This question reminded me of a very vaguely recalled short story, most likely from the early '00s or '90s (and probably in a magazine like F&SF, Asimov's or Analog), of a space ship that can easily travel incredibly far, galaxies clusters away, in some far future when humans commonly can and do pilot craft that travel above c somehow (I don't recall if this involved some sort of hyperspace or what), colonizing the universe with abandon.

Somehow (obviously this seems incredibly improbable, but I don't recall how this was explained -- perhaps ships had some light-speed-breaking way of detecting other ships?) the handful (2? 3?) people in a first ship randomly encounter in mid-intergalactic-space another human traveler traveling alone in his own ship, and they dock the two ships together. I think they have dinner together in honor of the meeting, but something is off about their new acquaintance (some wort of craziness that slowly reveals itself?), and some sort of conflict occurs.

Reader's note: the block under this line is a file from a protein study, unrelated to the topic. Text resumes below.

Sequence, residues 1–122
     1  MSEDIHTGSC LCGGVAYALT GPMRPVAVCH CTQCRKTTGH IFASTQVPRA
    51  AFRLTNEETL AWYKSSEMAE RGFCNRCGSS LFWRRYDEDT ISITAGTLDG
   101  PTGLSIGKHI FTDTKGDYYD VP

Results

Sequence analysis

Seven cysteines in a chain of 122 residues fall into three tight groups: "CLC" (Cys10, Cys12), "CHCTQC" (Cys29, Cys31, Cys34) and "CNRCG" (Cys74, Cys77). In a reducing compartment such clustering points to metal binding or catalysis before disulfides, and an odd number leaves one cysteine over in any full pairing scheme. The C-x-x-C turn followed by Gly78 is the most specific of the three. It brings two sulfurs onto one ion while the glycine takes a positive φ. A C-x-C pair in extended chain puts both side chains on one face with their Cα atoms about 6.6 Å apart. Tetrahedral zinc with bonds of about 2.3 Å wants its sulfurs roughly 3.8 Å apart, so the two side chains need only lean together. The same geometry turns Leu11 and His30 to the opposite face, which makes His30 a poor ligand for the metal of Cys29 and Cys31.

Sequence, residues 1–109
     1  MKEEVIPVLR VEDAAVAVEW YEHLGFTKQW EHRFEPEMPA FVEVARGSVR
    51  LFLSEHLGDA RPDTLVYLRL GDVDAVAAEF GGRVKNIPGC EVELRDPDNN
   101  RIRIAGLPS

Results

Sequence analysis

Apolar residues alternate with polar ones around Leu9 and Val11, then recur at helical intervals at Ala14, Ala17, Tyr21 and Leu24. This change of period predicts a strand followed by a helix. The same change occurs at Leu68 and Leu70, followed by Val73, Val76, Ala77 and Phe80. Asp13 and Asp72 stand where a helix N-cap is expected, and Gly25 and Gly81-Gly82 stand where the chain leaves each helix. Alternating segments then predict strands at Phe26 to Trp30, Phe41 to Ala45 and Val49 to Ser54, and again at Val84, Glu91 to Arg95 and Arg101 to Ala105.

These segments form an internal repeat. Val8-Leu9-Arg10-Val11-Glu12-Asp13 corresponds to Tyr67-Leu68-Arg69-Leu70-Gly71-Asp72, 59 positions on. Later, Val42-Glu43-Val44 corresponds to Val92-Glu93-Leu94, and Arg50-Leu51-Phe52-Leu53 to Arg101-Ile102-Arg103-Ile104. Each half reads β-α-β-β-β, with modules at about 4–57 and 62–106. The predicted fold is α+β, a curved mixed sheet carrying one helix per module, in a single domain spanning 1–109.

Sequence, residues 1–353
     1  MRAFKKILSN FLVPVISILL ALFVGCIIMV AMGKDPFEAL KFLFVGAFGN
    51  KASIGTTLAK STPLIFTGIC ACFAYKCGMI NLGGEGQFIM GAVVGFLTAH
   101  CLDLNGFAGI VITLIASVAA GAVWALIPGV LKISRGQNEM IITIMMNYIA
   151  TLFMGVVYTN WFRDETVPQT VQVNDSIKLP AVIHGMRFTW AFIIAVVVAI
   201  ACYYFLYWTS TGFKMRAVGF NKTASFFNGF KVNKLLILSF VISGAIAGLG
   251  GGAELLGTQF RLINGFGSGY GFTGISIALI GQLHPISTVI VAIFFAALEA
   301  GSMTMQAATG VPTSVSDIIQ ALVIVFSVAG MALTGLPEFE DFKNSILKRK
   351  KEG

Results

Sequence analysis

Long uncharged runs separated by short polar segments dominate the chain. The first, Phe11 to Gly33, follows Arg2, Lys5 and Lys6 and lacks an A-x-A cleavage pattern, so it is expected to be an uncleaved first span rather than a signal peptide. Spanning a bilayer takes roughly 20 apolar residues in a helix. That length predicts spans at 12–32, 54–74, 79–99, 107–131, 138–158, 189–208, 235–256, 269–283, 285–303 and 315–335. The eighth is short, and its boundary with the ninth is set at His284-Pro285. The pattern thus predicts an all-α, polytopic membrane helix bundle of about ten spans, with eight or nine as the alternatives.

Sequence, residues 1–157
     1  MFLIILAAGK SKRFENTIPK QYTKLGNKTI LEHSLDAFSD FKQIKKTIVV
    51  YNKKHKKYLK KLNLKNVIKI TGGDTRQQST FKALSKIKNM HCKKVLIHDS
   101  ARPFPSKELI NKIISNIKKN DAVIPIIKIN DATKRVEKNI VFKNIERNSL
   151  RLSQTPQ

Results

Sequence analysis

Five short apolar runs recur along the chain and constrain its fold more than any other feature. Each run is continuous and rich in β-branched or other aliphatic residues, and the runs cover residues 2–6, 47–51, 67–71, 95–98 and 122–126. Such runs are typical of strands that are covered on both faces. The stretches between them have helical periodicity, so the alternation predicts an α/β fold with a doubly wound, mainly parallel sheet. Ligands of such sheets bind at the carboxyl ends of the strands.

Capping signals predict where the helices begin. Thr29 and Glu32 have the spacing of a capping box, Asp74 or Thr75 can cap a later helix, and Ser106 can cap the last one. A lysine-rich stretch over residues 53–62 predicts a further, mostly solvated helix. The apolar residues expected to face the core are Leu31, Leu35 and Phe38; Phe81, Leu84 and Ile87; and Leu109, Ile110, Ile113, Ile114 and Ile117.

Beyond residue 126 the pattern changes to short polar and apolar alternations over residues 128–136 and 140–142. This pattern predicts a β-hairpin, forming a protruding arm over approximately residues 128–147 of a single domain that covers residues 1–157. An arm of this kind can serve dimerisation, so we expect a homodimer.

I think someone on the first ship was working on something like simulating a miniature universe in a computer.

The story got... weird, somehow... toward the end. I think just one character somehow got locked into one of the ships with the controls jammed into taking him far beyond the furthest explored reaches of the universe, and he was just left talking to the computer with no other company. Somehow, he found himself disconnected from interaction the rest of the universe in that far void, where there was no possible return to the realm of galaxies, and local reality seemed to be disintegrating somehow, as the ship had lost its causal connection with the rest of the universe.